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What NOT to Say in a Wedding Toast

August 23rd, 2016 in Wedding

Photo by Illuminance Studio (Flickr)

You’ve been to enough weddings to see the good, the bad, and the “somebody take away their microphone.” The maid of honor gets up there, and though her intentions are great, you need a secret decoder ring to understand the stories she’s telling. It’s like a bad Drew Barrymore movie. And the best man doesn’t fare much better. He’s watched all of the roasts on Comedy Central, so he pretty much knows what he’s supposed to do. The groom picked this particular guy out of every guy he’s ever known, and what happens? Word vomit. His jokes fall flatter then your aunt’s at Christmas. Guys, watching Wedding Crashers on TNT the week before doesn’t count as research, but kudos for being able to recite the whole movie.

There are a lot of things you should do during a wedding toast, like smiling and staying positive. On the flip side of the coin, there are also some key factors to stay away from … I’m talking restraining-order distance. In writing hundreds of toasts and seeing a couple go down the wrong path (we call these speeches the Manziels or the Lohans), here are three major problems to avoid:

1) Belly Button Microphone: This seems simple, but how many times do you see a nervous toaster get up there and the microphone is at their stomach? Unless you want the crowd to hear your stomach growling, bring that mic up to your mouth! I’m not saying you have to lick the microphone like David Lee Roth or make love to it like Steven Tyler, but get it close enough so your voice is heard and gently commands the room.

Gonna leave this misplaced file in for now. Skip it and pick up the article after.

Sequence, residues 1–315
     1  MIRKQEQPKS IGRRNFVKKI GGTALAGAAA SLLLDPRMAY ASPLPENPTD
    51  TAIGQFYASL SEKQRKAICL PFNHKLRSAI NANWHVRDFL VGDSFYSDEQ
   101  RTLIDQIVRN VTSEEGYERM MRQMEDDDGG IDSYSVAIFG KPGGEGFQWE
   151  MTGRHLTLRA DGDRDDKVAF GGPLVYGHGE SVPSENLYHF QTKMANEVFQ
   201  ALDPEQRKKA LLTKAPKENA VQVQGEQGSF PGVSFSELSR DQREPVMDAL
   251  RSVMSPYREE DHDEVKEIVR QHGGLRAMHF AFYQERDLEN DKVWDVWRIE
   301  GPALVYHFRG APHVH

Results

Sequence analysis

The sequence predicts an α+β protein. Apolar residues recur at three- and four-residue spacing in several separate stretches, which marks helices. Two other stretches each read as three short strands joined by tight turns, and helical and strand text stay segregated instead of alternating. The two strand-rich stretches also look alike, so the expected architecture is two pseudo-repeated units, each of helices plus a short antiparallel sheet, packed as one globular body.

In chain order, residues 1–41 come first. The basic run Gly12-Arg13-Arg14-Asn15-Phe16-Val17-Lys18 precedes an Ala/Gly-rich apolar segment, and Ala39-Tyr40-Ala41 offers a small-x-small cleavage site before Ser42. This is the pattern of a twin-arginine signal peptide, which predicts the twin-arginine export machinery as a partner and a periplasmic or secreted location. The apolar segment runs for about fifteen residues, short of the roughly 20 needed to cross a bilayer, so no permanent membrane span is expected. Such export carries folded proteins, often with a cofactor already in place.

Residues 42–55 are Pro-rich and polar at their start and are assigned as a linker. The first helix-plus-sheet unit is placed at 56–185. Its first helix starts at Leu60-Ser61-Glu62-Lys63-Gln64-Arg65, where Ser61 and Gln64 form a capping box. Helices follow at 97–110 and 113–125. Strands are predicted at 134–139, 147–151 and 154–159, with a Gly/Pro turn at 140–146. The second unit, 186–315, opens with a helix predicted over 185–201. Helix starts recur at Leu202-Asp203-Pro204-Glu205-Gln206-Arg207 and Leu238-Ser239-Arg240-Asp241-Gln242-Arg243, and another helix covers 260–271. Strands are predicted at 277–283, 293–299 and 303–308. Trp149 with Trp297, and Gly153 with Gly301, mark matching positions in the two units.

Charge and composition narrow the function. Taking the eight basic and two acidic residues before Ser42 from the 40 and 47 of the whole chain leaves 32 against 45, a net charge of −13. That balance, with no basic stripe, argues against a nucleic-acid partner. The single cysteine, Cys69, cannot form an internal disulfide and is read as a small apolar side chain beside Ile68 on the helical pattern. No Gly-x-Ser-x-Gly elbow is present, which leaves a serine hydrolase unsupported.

2) Jokes That Are So Inside They Have a Vitamin D Deficiency: I think we’re all guilty of this one, whether it’s giving a toast or just telling a story at happy hour. That time when you and the bride tried on mismatching outfits at Forever 21? … Well, you just had to be there. But guess what? Nobody at else at the wedding was. For the best man, those endless football practices in 10th grade were probably grueling and hot, but unless an NFL scout signed you as a 16-year-old, the story doesn’t carry much weight with most people. Be sure to include stories that reference something everyone knows about (the bride’s bubbly laugh or the groom’s booming voice are a good start).

3) Professional Accomplishments: People lean on their achievements like the cousin who you had to make a groomsman lean against the wall at 2 a.m. the night of the bachelor party. Telling the crowd how you and the groom were the youngest guys to make partner in the company doesn’t help anyone. It’s straight ego. It’s pretty much telling the crowd, “Hey here’s the bride or groom’s LinkedIn profile: Impressive, huh?” The crowd wants stories that show their human side. Stick to things like the time the groom stayed with his grandma in her hospital room for three days or when the bride drove eight hours to console a friend in need. That’s the good stuff.